¶ 9 The parties proceeded to a bench trial in October 2014. At the conclusion of the Sharbonos' case-in-chief, the District Court granted the Coles' motion for a verdict in their favor. In November 2014 the District Court entered findings of fact and conclusions of law, finding that the Coles had not interfered with the Sharbonos' water right; that the Sharbonos could only prove their case through expert testimony (which the District Court previously excluded); and that the Coles' activities on their property did not unreasonably interfere with the Sharbonos' water rights. The District Court subsequently entered judgment for the Coles, awarding them costs and attorney fees of $81,846.51 against the Sharbonos.

STANDARD OF REVIEW

¶ 10 This Court reviews a district court's rulings on the admissibility of expert testimony to determine whether there was an abuse of discretion. Norris v. Fritz, 2012 MT 27, ¶ 17, 364 Mont. 63, 270 P.3d 79.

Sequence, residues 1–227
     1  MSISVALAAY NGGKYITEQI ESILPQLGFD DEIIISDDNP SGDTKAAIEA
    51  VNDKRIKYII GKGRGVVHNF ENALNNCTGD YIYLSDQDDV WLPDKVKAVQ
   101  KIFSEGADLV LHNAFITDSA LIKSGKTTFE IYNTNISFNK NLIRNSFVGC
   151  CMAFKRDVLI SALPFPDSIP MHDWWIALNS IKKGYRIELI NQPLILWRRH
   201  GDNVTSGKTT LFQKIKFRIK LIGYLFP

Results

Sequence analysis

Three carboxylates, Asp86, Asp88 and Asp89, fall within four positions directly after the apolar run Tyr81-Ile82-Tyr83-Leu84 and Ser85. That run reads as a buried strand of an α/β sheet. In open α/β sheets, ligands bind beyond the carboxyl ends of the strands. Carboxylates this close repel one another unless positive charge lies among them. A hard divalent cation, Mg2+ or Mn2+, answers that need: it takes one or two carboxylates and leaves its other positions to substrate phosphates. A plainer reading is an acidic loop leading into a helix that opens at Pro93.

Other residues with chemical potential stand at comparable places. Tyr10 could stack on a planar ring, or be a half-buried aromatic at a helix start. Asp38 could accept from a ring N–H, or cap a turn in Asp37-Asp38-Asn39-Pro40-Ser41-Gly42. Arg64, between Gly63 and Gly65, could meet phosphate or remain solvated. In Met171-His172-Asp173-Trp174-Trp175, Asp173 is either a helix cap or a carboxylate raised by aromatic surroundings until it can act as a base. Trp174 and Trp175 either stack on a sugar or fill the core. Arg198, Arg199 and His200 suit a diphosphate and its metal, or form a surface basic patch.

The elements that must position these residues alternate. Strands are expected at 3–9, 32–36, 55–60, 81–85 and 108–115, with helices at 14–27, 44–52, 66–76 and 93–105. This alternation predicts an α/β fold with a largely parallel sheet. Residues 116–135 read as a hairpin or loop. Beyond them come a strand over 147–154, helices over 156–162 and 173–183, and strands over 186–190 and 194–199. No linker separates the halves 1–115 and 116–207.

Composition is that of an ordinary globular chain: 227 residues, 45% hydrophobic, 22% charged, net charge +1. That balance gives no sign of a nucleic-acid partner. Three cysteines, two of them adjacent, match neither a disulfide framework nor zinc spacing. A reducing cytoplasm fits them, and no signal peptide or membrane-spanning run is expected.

DISCUSSION

¶ 11 Issue One: Whether the District Court's order of September 3, 2014, properly granted the Coles' motion in limine to exclude Sharbonos' expert witnesses from testifying at trial.

¶ 12 A party to civil litigation may discover from an opposing party information concerning any expert the party intends to call as a witness. Rule 26, M.R. Civ. P., provides in part:

A party may through interrogatories require any other party to identify each person whom the other party expects to call as an expert witness at trial, to state the subject matter on which the expert is expected to testify, and to state the substance of the facts and opinions to which the expert is expected to testify and a summary of the grounds for each opinion.